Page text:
Given its indispensable role keeping the New Zealand economy moving, and the huge freight task it carries out, the commercial road freight fleet is a small proportion, less than four percent, of the total number of vehicles on the road.
According to the Te Manatū Waka - Ministry of Transport there are about 4.4 million licenced vehicles in New Zealand. Of these, about 150,000 are heavy vehicles, but that includes buses and motor homes. About 30,000 trucks are used for commercial freight, and almost all of those involved in long distance trips will also tow heavy trailers.
Many of the heavier trucks are owned and operated by individuals and organisations not primarily involved in road freight, for example, tradespeople, developers and contractors, local councils, manufacturers, utilities (eg. power and gas companies), and other businesses.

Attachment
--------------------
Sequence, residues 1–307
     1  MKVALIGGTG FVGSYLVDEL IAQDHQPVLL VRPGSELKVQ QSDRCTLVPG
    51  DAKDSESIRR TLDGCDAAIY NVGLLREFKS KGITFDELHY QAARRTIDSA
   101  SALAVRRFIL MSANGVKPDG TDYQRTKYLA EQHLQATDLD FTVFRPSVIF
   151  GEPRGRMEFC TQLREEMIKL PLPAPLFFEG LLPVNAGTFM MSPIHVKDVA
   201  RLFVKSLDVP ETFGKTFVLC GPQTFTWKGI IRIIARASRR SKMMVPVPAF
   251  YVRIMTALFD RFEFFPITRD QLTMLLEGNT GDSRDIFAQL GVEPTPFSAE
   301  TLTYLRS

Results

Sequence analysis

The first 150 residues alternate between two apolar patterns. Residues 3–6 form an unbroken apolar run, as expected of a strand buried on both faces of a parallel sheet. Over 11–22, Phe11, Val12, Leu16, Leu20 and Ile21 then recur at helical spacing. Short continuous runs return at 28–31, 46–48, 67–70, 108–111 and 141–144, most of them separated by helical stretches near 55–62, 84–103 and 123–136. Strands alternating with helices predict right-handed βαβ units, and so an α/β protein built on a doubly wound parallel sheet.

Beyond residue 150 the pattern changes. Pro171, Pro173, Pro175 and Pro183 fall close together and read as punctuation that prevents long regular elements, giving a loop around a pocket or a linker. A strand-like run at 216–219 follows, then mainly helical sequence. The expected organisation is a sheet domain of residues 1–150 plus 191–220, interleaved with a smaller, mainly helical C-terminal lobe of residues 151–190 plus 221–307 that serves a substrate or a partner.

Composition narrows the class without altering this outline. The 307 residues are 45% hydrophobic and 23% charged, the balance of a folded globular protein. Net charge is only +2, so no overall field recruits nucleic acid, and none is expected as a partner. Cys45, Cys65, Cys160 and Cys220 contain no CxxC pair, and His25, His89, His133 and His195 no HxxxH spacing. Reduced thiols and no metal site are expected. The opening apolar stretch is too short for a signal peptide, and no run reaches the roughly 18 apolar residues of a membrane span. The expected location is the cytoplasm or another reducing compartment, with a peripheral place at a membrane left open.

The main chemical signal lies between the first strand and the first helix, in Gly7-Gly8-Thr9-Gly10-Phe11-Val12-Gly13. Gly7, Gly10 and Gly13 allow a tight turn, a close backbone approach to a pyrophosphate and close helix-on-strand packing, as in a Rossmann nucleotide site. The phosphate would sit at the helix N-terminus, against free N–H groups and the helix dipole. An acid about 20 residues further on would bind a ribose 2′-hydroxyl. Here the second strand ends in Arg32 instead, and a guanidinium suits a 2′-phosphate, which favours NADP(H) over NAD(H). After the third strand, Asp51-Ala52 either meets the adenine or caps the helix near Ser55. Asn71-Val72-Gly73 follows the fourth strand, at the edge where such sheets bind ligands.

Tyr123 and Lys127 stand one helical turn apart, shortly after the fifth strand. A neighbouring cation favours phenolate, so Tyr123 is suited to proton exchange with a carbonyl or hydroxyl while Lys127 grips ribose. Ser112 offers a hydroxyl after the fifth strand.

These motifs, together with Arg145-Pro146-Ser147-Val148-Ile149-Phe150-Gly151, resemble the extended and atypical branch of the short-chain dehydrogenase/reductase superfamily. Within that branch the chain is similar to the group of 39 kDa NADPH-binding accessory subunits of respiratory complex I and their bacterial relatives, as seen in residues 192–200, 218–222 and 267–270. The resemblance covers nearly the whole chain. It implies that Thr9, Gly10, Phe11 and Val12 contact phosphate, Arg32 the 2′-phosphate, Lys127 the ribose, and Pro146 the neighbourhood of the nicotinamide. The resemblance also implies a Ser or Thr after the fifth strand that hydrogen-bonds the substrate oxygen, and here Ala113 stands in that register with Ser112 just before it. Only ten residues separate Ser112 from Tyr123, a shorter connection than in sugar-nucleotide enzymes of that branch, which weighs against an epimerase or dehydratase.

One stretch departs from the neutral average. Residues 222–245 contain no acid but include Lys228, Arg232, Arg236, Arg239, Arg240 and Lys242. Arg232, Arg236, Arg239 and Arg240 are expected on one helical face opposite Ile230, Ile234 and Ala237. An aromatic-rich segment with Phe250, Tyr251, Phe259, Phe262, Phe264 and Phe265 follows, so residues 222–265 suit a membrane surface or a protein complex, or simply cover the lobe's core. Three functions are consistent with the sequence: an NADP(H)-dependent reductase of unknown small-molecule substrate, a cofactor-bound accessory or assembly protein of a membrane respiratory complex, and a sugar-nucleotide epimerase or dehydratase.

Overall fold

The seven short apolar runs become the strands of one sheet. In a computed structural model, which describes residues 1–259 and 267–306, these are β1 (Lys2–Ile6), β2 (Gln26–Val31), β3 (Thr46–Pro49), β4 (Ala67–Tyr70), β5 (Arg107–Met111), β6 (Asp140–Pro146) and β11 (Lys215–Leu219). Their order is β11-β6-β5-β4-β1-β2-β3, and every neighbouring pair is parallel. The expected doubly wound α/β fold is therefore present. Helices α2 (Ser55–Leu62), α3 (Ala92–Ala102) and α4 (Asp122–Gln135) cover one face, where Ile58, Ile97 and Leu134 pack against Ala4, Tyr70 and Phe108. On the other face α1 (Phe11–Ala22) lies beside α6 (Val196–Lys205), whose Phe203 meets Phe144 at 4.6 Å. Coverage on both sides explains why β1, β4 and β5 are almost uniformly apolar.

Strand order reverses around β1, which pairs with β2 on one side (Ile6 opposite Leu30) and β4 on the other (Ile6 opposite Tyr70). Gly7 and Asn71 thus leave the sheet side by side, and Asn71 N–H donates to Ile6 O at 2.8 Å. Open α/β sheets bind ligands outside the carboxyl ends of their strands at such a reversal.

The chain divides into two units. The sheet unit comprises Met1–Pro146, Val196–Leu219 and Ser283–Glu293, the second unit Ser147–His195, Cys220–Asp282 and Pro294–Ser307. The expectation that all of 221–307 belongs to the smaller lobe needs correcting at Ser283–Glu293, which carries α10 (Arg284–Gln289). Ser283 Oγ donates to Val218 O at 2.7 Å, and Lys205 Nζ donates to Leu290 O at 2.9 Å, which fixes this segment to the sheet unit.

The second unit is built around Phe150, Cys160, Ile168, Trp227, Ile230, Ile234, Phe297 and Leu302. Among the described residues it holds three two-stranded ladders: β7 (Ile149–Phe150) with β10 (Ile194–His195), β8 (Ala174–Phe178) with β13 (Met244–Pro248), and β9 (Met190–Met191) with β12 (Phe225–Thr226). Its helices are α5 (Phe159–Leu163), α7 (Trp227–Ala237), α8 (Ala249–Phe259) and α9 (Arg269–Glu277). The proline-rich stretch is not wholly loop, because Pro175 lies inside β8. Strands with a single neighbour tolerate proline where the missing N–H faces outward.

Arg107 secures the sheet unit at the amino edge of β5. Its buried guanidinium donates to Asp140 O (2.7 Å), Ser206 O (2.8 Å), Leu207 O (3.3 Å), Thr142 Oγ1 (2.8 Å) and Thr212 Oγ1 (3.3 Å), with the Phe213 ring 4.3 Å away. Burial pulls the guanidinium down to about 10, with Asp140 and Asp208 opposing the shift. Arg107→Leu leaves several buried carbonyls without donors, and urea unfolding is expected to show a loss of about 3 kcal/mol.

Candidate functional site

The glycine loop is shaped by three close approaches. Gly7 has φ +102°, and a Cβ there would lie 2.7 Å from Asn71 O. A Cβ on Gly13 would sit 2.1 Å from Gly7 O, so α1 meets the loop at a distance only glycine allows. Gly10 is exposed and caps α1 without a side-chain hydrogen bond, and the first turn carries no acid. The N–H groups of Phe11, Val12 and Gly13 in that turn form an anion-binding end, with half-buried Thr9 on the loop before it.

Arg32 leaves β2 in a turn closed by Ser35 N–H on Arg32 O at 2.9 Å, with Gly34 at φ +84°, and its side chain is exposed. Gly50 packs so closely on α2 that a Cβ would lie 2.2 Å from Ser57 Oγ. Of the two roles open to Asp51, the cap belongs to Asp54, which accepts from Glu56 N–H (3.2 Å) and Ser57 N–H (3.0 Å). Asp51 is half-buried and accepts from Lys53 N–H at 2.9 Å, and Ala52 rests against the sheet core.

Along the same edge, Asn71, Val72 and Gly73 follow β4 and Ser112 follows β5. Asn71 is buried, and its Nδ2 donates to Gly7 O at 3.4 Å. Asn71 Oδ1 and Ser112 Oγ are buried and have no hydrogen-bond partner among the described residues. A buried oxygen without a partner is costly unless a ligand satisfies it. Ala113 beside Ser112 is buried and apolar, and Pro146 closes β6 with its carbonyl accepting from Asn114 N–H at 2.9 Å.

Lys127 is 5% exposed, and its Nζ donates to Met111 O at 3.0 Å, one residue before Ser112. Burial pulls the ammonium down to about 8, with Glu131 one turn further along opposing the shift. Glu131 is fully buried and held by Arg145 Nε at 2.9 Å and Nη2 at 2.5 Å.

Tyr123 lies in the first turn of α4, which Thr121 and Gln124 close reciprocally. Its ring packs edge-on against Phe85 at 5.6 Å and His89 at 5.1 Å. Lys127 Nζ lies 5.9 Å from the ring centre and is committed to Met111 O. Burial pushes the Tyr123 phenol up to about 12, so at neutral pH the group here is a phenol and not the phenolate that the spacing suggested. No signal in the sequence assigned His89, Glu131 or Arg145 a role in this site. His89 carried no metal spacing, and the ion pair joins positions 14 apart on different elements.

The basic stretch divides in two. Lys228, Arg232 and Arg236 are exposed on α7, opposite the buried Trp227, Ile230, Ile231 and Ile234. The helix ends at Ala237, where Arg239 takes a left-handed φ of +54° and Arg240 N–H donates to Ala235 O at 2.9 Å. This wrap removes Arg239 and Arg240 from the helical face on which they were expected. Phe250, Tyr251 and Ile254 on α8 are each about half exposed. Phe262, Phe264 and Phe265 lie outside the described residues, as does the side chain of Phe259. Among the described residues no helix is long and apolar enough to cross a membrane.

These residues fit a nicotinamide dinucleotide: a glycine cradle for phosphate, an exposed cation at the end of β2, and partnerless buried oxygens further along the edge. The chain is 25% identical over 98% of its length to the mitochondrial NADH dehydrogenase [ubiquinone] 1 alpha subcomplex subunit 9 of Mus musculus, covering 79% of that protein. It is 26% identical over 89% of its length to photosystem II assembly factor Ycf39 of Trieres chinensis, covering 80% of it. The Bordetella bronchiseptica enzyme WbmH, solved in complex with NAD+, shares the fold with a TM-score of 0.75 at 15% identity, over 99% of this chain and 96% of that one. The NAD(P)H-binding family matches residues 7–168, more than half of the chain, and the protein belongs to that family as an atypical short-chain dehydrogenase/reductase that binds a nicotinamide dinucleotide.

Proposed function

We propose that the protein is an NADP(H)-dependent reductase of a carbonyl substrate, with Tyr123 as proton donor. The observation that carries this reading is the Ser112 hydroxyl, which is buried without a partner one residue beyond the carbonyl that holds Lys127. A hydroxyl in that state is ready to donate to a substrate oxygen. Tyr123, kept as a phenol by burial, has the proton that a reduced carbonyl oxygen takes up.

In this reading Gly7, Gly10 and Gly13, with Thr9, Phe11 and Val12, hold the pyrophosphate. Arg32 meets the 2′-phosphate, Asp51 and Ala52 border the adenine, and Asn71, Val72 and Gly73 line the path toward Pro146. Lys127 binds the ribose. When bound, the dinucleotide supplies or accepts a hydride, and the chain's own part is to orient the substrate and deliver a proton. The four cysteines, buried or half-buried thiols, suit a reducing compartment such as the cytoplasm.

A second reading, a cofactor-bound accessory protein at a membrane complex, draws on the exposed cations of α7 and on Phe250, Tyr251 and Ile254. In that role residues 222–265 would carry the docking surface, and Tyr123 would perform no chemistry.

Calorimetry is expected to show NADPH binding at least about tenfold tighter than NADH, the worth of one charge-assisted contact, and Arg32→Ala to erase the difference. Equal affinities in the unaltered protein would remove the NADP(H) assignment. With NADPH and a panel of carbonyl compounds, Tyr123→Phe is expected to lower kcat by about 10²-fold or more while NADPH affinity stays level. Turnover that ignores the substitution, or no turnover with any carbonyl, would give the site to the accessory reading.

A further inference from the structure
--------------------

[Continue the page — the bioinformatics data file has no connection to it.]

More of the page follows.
Heavy trucks travel about three billion kilometres per year with heavy trailers completing about 1.4 billion kilometres in the same period, with one-third of the kilometres generated through freight and customer deliveries taking place in the urban environment and the balance servicing the wider inter-regional and hinterland economy. Some two-thirds of the truck fleet, predominantly 2-axle trucks, are involved with servicing the wider urban customers on a regular basis.
Heavy vehicle pays a hypothecated road tax (road user charges, or RUC) based on the truck weight and the distance travelled, with that revenue being dedicated to the Government’s National Land Transport Fund (NLTF) for allocation by Waka Kotahi NZ Transport Agency to maintain the roads. In 2021 the Government decided funds from the NLTF would also subsidise rail. The RUC revenue collected from heavy vehicles for 2021 is expected to be more than $1.7 billion.